Fish in "concert dress" teal striped shirt, black skirt, brown capri's polka dot socks and sneakersToday you are 10 years old.



A Decade

Double Digits

You are smart, but more importantly you are curious. You want to understand that which is new to you. You aren’t afraid to ask for a definition or an explanation. Explanations, that given the complexities of this world we live in, I am sometimes woefully unprepared to offer. Be patient, I am trying.

You are stretching and growing so fast. Everyday, the little girl facade cracks a little revealing a maturing you. Your thirst for maturity and responsibility grows by the day. Your dad and I struggle to achieve the delicate balance between encouraging your growth and maintaining your safety. Most of the time, it isn’t that you aren’t ready for new responsibilities, it is that we, your parents aren’t ready for you to be ready for those responsibilities. We’ll get there.

I am quick to grouse when the laundry STILL isn’t put away or when I trip making my way across your room. Yet, I don’t tell you often enough how proud I am of you. I assume you know, but I need to remember offer more praise, you deserve it.

You do what your supposed to do when you are supposed to do it so often, I forget to say thank you and good job. I come to expect it and yet I think the level of responsibility you demonstrate is remarkable for your age.

You are a fantasitc big sister. Your brother can drive you nuts, and you require your own time and space, but you look out for him and seek him out to play with him. He thinks you a pretty special too.

I love the way you move back and fourth between your roles as emerging tween and little girl. Never let go of the little girl completely.

I love that everyone who meets you has nothing but great things to say about you. Your teachers say you are a joy to have in class and they wish they could clone you. They are amazed at how you make connections between what you are learning and your own experiences. The neigbhor says you are kind and sweet and so patient when you work as a mother’s helper.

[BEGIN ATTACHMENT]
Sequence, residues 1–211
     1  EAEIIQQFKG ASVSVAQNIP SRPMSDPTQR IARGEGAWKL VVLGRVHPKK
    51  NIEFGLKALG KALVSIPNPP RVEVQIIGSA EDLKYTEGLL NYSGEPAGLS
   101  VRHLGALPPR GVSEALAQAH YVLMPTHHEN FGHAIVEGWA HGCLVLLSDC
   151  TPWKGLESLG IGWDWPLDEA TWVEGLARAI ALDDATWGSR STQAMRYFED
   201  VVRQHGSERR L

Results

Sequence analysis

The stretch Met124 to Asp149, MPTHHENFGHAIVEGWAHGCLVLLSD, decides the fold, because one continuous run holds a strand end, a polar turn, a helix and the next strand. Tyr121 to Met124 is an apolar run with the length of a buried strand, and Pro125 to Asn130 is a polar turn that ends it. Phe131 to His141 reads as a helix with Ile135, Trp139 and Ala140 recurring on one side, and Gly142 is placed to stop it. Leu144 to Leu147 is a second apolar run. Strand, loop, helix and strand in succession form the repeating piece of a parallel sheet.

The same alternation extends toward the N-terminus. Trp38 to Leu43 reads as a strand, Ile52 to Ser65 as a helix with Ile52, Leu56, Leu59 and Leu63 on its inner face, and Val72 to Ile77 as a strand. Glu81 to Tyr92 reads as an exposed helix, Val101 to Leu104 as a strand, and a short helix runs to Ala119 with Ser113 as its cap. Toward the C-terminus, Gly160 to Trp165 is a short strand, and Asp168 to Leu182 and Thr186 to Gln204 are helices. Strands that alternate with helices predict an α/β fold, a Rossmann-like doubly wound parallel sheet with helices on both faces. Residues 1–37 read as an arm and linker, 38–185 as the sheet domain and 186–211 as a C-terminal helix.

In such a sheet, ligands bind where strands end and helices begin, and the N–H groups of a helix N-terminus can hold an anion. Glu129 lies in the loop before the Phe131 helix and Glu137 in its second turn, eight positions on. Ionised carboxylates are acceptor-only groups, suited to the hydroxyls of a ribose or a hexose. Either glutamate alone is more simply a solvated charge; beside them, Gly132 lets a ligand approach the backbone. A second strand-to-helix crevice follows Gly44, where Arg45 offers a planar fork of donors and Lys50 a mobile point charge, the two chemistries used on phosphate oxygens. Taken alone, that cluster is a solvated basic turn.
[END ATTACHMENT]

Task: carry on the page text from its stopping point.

I love that out of the blue, you ask about a friends we haven’t seen in a while and say “we should get together with them soon.”

Your heart is huge and given easily and sometime that means it gets bruised easily too. I cringe on those days and while I want to go bop whomever has hurt your feelings, I hang back and try to help you work it through on your own. Never mistake my lack of action for a lack of caring. I’ve got your back baby!

You have a sense of style and organization that is all your own. Often it puzzles me, but I am enjoying watching it develop. I hope that you will continue to mix and match.

I can see some of both of your dad and I in you and yet there is a third part, that is all you. I am enjoying watching as you take the pieces we’ve given you, mix them with your own expereinces and desires and mold them into a person that is truly you.

Mother daughter relationships are notoriously fraught with challenges. We have ours and will, no dobut, have more, but I want you to know that no matter what, I will always love you and ultimately while I want nothing but the best for you, what matters most to me is that you figure out what makes you truly happy.

Happy 10th Fisharoo!